As a photographer I hold myself to photojournalistic standards in editing. I think it’s important that when you see a photographer’s work you can trust that the image is true, that it’s not manipulated in anyway. Certain adjustments are allowable, such as sharpening and contrast.
I found these rules in Reuters Handbook of Journalism:
Photoshop is a highly sophisticated image manipulation programme. We use only a tiny part of its potential capability to format our pictures, crop and size them and balance the tone and colour.
Materially altering a picture in Photoshop or any other image editing software will lead to dismissal
- No additions or deletions to the subject matter of the original image. (thus changing the original content and journalistic integrity of an image)
- No excessive lightening, darkening or blurring of the image. (thus misleading the viewer by disguising certain elements of an image)
- No excessive colour manipulation. (thus dramatically changing the original lighting conditions of an image)
So there it is, good rules to live by. If you’re a photojournalist.
But what about Art? What if you’re photographing for the sake of art and not journalism?
This week I gave it a try. Creative manipulation, not of content or subject matter of the original image, but certainly excessive lightening, darkening and blurring of the image. Yes, even color manipulation.
I’ve done it before, but only using the iPhone. The following photos were made with a digital SLR, the Nikon D700, and then editing using Snapseed software on my phone. Somewhat a reverse process.
I did it for the sake of art, and experimentation. I think as long as you know they’ve been manipulated then my photographic integrity remains intact.
What about you? Do you shoot for art, or do you hold yourself to a more photojournalistic standard?
In the meantime, enjoy these images, and in the interest of full disclosure, they’re manipulated.Follow @nomadruss
a stunning collection of photographs.
Terrific interpretations. I would use a “manipulated” photograph for editorial use if it helps support the subject matter at hand. Thus, editorial and art photography can cross function in their respective disciplines.
In my mind, it entirely depends on what the story is. Straight-up journalistic photographs tell me what a situation was like. Processed images (like the ones you’ve posted) tell me what it felt like to be there. Journalistic images can do that too, but in a much different way. They both serve their own purposes, and ultimately, the image should serve the story.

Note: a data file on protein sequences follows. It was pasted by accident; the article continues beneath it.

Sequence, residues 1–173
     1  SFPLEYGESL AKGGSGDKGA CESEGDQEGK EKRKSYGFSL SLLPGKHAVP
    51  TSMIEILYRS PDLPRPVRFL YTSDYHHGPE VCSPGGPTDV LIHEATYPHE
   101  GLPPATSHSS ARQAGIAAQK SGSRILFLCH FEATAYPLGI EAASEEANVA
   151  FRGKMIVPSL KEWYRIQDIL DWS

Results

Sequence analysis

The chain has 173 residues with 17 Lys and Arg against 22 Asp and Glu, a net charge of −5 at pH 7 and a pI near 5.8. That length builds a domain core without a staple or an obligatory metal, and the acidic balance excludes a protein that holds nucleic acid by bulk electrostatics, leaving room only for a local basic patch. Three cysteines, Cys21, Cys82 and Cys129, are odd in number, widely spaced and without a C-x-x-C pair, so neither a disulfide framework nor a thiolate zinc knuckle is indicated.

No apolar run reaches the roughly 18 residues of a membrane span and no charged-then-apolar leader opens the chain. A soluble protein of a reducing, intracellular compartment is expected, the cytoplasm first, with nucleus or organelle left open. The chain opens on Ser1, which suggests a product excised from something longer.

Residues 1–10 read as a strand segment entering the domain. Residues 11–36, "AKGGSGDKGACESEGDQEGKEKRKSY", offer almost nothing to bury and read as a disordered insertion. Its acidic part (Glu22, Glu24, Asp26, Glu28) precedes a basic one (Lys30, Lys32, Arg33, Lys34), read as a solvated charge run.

Very well said…
erin, some fine insight there. it does seem that the processed images can evoke more of the feeling experienced by the photographer in a location.
Yeah …I just found the joys of Pixlr the other day …I have to say, I love the older look, but some of the vignetting pushes the photos into “unrealistic” mode. As for as editorial vs art …the shots above are art, but using for editorial, too much pp for my taste …it’s all opinion. (and great work as always).
appreciate the feedback john!
when we take a photo we are already ‘fabricating’ a situation by framing it a certain way or leaving part of the scene out of the image. photoshop is an extension of that process. if you want to show that your on-the-spot skills are of a very high standard then i can understand why you would abhor manipulated images but for the most part it is about what you want to say about the place you find yourself in. i agree with erin, these images make me feel something of the sense of the place. your pictures of varanasi reminded me of being there. not of what it looked like (hotel-ridden and littered with foreigners) but of the feeling of being somewhere significant to humanity. very glad that you shared these.
Appreciate the thoughtful comments Mike.
I think both are art if well done, but I definitely support manipulation for, shall we say, allegorical pictures? When you are expressing the mood of an image, or trying to enhance it, like when movies go monochromatic, or over saturated, or vintage under saturation like in “Oh brother”. Definitely not for Nat Geo shoots, but for expression its great. Great stuff as always.
I think there is a big difference between manipulating an image to deceive and tweaking it to make beautiful art, like these images: nobody ever accused Picasso of being a liar.
thanks for the comment, that’s great!
Definitely agree with the above comment, as a journalism student and avid photography fan I love playing with images (using my iphone especially) but purely to make them look more interesting and unique. I did really like the excerpt from Reuters Handbook for Journalism though, great piece of info!
oh, to go back in time and attend journalism school…
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